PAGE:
heavenly highly caloric path of Parker House rolls and challah and cinnamon buns, oh my.
What is it that keeps me clicking “refresh” hoping against hope that there might have been a new post on her site in the last five minutes? (And, truth be told, then clicking away on the “Surprise Me” link in the side menu to read a couple of random entries out of her multi-year archives when there’s no new post?)[vi]
It’s actually the same sort of narrative itch that brings me back to the Yarn Harlot’s knitting humor, day after day. I don’t keep clicking on “That Smitten Woman’s” URL just for her adaptation of other people’s recipes from near and far. It’s her stories about wrestling new recipes to the ground in her postage-stamp-sized urban kitchen, her toddler and husband going hungry/patiently waiting for sustenance while she is obsessed by recreating a restaurant favorite or romanced away to create a reinvigorated twist on a classic recipe. I’ve been following her blog for only a few years, since my sister-in-law dropped my jaw during a visit by making this homemade rosemary flatbread with this fig-olive tapenade. When pressed for the recipes she casually said they were from her two favorite cooking blogs, and my heart did happy somersaults. (This is the same sister-in-law whom my husband credits with teaching him how to cook way back when, and who is our mutual benchmark for all things gourmet.) Food writing that our family culinary rockstar found worthy of her attention? I was all ears.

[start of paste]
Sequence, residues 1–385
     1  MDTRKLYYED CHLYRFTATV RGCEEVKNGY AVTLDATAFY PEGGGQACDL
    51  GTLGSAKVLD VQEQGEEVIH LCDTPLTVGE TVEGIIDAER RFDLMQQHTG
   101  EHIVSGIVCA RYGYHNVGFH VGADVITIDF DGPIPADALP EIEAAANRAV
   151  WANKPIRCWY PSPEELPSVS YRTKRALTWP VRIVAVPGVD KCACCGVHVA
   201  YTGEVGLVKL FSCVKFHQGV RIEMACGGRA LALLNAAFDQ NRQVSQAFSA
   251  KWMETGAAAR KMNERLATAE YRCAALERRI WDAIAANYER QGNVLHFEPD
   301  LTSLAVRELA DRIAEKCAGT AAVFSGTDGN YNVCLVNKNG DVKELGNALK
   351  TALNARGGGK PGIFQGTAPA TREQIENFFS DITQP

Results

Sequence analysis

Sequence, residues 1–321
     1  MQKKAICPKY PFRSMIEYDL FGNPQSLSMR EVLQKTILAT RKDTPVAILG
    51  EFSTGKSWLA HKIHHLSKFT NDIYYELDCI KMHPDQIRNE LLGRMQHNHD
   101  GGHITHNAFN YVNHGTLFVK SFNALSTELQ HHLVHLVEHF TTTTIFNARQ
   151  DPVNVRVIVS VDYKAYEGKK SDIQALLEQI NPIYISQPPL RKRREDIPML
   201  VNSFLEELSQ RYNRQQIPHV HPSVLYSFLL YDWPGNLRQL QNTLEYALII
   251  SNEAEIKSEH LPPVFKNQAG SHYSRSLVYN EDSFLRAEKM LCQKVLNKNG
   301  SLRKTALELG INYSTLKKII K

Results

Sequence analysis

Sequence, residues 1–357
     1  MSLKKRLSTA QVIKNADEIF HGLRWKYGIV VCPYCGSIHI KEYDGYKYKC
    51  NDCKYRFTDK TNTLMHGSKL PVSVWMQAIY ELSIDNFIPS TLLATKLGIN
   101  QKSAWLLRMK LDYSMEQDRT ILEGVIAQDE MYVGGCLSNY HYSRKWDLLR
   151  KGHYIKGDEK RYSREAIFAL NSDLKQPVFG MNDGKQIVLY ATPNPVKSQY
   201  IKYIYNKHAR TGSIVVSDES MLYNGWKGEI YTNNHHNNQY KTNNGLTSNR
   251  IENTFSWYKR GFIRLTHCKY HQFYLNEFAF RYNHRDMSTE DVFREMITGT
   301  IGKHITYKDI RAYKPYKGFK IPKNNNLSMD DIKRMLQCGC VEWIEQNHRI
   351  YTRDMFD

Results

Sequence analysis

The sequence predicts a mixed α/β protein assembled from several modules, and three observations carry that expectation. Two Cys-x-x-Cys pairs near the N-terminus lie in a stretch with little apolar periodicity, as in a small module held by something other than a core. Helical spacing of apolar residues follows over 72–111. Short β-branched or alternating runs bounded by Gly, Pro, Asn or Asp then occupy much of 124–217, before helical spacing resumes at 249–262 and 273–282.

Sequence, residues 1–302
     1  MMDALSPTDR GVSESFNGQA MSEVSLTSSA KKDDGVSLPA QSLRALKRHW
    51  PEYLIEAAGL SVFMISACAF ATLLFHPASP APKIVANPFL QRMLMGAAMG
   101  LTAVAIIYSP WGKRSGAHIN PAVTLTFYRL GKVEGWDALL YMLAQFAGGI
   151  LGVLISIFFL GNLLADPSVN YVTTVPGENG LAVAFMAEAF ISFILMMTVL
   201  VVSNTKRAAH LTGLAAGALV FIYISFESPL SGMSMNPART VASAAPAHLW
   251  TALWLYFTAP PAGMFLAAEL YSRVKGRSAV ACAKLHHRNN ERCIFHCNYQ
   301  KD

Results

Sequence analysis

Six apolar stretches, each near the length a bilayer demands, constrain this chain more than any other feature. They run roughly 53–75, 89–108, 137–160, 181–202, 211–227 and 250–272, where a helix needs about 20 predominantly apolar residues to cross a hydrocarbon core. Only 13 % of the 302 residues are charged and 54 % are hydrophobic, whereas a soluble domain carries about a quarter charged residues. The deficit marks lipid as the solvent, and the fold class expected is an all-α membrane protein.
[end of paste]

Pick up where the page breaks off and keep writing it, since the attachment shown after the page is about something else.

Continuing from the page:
Smitten Kitchen also reminds me of my own culinary role model, my cherished father, who infuriated me when I was a teenager in the late 1970s by only starting to plan for our family’s dinner at 3 or 4 in the afternoon — on a school day, mind you, when I had play rehearsal at 7pm — at which point he would sit for an hour or two poring over a half-dozen cookbooks from his enormous collection, comparing recipes and considering options, followed by a trip to the grocery story before he would come home and begin improvising at 5 or 6.[vii]